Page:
17 Jan, 2011 @ 09:00
4 mins read

Diary of a paper boy in Andalucia

Paul Whitelock gave up his part-time job as a paper boy in Devon when he was just 14.  Little did he think he would become one again in Andalucía 45 years later!

June 2009

“DO YOU fancy delivering a few papers?” asked the editor. “Sure,” said I.

Mug!  Six hours later I began to question my sanity.

“Never mind,” I thought, “next time it won’t take as long…”

Well, it took five hours the second time round!

Now into my eighth such delivery, I’ve got it down to a fine art.  Now I’m only out for 10 to 12 hours on delivery day!

Why so long?  Well, instead of rushing from drop-off point to drop-off point as quickly as possible, I now linger here and tarry there, accepting offers of a cup of coffee or a cold drink and chatting to the people I meet along the way.

After an early morning coffee with Andy, Pauline or Paco at the delightful Hotel Molino del Santo in Benaoján Estación, I then squeeze my increasingly battered right-hand drive British car through the narrow streets of Benaoján proper and drive the pleasant 20 minutes to Jimera de Líbar and a second coffee with Synnøve or Paul at the Bar Allioli by the station.  Sometimes avid readers of the paper are waiting to ambush me to pick up their copy and to lavish praise on the paper.  Very good for morale.

A quick dash up to Cortes de la Frontera and several drops; Bar Acuarios and Bar Los Amigos followed by my regular natter with Mary Beker at the Estate Agents.  Then it’s off to Hotel Los Almendros where the friendly Belgian owner Ben offers you a drink and something from his kitchen that he’s preparing for lunch.  Last time it was berenjenas con miel, deep fried slices of aubergine drizzled with honey.  Mmmm!

Via the petrol station and a brief how-do-you-do with any folk sitting at the cafe there, and it’s on to Sarah and Alex at the tranquil Hostal el Gecko, down by the station, before the long but stunning climb up the mountain to the Algeciras road and gentle drop down to Gaucín, the balcony of the Serranía, and views to die for.  On a clear day, Gibraltar lies brooding off the coast in the distance and hints of Morocco beyond tantalise the viewer.

It’s now getting on for two o’clock, so after dropping papers at the petrol station and the Hotel Caballo Andaluz, where owner Mari Ángeles is always up for a chat, it’s time for a visit to the bubbly Rosa at Pura Vida, the health food shop, and the multi-lingual catalana-vasca, María Luisa, at the Bonassim Delicatessen.

Quick drops at the two banks and it’s time to refuel – my starving body, not the car!  I have a choice of eating places.  There are three English-run restaurants, La Fuente, with Lisa and “Huggie”, La Casita, hosted by Darren and Julie, and Don Martín, run by Ginny and her stunning waitress, the 20-year-old Ellie.  Nice food at all three.

Bar Paco Pepe in the little square with the fountain, is a good spot, too. Lots of ex-pats congregate here, so it’s a great place to meet the newspaper’s public.  Susie and Carl of Bar Otrolao, Murphy the organic gardener, Clive and Rosie, interesting characters all.  Not to mention the Spanish workmen and sundry tourists who assemble there for Paco’s reasonably priced and wholesome food.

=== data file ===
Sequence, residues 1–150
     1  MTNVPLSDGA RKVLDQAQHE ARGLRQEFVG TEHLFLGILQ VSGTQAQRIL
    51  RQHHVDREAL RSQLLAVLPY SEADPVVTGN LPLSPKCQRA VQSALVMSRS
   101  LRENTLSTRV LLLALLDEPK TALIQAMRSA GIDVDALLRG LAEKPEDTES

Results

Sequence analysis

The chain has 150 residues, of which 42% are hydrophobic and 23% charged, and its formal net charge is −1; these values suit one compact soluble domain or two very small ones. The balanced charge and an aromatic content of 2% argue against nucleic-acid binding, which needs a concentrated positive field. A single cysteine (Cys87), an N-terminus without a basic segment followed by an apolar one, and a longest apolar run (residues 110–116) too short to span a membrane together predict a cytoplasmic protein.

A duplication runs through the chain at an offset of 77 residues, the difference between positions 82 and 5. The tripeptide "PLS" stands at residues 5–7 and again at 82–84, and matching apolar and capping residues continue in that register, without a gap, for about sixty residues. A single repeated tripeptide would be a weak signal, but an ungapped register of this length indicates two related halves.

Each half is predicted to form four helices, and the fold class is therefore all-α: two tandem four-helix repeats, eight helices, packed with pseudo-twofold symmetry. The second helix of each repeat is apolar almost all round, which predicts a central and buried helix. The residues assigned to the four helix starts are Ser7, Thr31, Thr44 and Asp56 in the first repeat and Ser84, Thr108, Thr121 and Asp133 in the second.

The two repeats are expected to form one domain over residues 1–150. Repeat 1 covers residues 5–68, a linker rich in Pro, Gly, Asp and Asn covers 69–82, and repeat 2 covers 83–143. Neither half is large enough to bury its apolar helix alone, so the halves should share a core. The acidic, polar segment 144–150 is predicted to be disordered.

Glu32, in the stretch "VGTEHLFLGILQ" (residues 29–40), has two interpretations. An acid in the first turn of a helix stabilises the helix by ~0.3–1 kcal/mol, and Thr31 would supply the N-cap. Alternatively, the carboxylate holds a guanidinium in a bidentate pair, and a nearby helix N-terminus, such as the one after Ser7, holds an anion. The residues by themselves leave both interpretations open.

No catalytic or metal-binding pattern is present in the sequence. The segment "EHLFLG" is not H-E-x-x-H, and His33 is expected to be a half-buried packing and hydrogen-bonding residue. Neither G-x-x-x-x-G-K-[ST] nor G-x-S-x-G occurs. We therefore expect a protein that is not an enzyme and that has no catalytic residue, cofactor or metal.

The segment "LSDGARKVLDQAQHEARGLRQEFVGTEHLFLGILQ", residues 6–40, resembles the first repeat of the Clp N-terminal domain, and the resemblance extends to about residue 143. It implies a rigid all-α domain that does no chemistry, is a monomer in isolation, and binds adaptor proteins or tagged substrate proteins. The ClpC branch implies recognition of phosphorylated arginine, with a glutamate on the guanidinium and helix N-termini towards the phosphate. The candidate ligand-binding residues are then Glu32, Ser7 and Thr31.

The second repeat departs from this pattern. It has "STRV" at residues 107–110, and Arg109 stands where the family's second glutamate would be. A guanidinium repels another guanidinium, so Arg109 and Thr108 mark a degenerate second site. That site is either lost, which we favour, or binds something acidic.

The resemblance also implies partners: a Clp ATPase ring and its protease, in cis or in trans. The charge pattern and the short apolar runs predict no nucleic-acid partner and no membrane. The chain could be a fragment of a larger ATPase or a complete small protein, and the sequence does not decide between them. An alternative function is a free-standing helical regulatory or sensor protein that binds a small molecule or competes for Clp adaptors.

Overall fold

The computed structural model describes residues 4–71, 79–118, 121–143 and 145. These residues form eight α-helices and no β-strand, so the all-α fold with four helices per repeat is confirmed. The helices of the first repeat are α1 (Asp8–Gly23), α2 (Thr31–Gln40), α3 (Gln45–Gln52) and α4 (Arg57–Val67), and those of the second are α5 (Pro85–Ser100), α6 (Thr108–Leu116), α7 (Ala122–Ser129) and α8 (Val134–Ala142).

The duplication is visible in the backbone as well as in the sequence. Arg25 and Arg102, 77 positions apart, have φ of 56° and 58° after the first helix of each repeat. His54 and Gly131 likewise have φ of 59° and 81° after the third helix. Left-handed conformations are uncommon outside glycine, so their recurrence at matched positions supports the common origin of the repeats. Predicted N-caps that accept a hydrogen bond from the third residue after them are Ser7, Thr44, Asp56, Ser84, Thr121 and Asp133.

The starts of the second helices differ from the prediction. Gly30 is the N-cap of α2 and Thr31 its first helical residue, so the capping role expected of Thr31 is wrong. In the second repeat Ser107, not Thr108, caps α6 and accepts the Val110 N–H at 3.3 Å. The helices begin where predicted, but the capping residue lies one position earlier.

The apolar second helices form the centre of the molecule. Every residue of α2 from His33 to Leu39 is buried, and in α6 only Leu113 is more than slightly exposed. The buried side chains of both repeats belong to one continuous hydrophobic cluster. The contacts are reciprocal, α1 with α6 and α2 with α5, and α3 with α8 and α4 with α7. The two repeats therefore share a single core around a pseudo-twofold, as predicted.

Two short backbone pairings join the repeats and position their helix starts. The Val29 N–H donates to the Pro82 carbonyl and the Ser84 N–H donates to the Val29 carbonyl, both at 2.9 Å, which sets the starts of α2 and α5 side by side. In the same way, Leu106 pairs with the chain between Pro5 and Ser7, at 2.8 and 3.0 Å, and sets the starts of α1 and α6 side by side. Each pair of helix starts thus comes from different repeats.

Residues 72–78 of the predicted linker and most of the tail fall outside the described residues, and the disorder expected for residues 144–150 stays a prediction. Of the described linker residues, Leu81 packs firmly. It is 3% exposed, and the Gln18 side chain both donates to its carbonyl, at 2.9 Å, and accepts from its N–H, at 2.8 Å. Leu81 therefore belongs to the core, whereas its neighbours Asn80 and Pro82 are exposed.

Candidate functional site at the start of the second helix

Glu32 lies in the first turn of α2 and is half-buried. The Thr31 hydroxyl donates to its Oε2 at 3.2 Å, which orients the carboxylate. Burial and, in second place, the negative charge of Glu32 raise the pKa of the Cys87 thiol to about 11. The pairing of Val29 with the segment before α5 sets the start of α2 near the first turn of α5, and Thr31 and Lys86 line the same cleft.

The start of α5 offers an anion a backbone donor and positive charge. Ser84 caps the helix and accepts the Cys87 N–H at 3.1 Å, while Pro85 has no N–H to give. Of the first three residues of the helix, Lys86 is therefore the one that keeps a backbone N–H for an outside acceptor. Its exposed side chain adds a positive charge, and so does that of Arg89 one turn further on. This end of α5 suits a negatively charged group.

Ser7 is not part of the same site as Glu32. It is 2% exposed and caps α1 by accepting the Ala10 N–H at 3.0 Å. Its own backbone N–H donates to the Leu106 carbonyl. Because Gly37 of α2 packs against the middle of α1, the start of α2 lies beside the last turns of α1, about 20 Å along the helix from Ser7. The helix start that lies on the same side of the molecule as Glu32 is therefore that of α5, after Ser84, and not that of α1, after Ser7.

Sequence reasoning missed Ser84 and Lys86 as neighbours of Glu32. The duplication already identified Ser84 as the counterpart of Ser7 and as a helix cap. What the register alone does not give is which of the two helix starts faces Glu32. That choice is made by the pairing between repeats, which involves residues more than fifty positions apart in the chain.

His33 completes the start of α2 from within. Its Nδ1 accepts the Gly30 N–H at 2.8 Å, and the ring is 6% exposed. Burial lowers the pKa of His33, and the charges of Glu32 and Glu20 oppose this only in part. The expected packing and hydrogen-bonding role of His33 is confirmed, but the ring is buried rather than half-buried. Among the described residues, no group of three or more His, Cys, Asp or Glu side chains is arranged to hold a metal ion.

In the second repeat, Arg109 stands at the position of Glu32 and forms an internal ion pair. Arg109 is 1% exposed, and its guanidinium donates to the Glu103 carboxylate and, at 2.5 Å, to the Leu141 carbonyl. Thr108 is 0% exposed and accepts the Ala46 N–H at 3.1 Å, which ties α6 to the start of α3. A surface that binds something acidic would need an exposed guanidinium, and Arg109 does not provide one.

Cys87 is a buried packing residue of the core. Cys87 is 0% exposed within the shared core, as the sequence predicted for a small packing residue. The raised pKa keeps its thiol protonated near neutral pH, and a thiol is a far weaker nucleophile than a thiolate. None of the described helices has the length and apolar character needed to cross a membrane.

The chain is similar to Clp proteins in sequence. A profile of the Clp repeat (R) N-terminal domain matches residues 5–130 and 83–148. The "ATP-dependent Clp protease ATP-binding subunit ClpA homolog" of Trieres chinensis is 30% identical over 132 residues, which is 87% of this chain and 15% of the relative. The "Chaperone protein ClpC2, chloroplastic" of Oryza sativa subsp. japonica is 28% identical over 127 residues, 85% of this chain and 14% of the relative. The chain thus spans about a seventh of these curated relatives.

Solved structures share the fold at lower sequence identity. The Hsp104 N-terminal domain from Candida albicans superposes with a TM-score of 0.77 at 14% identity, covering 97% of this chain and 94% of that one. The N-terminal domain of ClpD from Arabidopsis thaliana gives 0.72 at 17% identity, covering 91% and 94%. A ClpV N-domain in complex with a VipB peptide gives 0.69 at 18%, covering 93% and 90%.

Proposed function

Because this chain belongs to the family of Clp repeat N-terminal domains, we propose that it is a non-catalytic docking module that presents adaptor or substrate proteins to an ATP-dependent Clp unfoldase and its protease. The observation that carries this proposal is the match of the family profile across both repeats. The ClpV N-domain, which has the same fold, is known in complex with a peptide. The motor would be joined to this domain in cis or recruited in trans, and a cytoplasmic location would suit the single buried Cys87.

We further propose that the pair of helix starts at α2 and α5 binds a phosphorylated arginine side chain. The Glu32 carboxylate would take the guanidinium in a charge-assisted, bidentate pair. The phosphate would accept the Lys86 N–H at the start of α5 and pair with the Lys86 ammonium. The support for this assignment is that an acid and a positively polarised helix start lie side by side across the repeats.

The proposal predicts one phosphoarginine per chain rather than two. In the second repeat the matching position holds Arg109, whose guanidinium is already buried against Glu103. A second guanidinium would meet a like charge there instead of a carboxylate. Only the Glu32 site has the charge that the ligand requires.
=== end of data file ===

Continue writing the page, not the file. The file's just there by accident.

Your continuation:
Casa Antonia in the main square is another must.  On my first visit there I corrected the English translation of a notice in the loo.  José Luis was happy to be rid of his Google-translated nonsense and I enjoyed the free beer I got in return!

After my leisurely lunch I amble down the windy road towards Jimena de la Frontera, where I call in to the gorgeous casas rurales at Cortijo Román to see Fiona and Maggie.  I leave a huge pile of papers for the Sunday market.  Rumour has it that people only go to pick up the paper, not to buy anything from the stallholders!

Another big pile gets left at the filling station, before I get into Jimena itself just as the shops are re-opening after the siesta.  The smiling Eva at Papelería Los Garabatos seems pleased to see me and there are always one or two ‘friends’ at Bar Cuenca for an early evening drink.  Regulars Andy and Wendy usually fill me in on the latest gossip.

Now, I find a parking place in the square and go for a wander through the beautiful narrow and flower-bedecked streets of the old village, dropping off more papers at Bar La Tasca and Hostal El Anon before my final call at Bar Bistro La Oba.

It’s approaching 8 o’clock by now and time to knock off and enjoy myself at the weekly quiz run there by Simon and Iris.  Time too for a natter with the vivacious owner Caroline and her beautiful daughter Brogan, before taking on the locals in a battle of the brain cells.

I play with anyone who’ll have me in their team.  So far played two, won one! The second time we were only runners up – we didn’t know our Sharon Stones from our Faye Dunaways or our Keira Knightleys from our Kate Winslets!  Great fun, though.

A bite to eat, for example a selection of tapas or a tortilla wrap, and I’m fortified for the long climb back up the hill to Ronda, and a nightcap in one of my locals in the Barrio San Francisco, before going to bed and wondering why I’ve become a paper boy again so late in life.

Well, the answer’s obvious, isn’t it?

Paul Whitelock

Anglo-Welsh, born 1950. Two children (b. 1983 and 1987). Retired school inspector, and former languages teacher. Living in Serrania de Ronda. Re-married 2010. Freelance writer, translator and interpreter.

1 Comment

  1. >before going to bed and wondering why I’ve become a paper
    >boy again so late in life.

    Well that’s what happens when you can’t find employment as a journalist Paul.

    >José Luis was happy to be rid of his Google-translated

    Some translation is better than none at all Paul. Best get back to your paper round and stick to old media.

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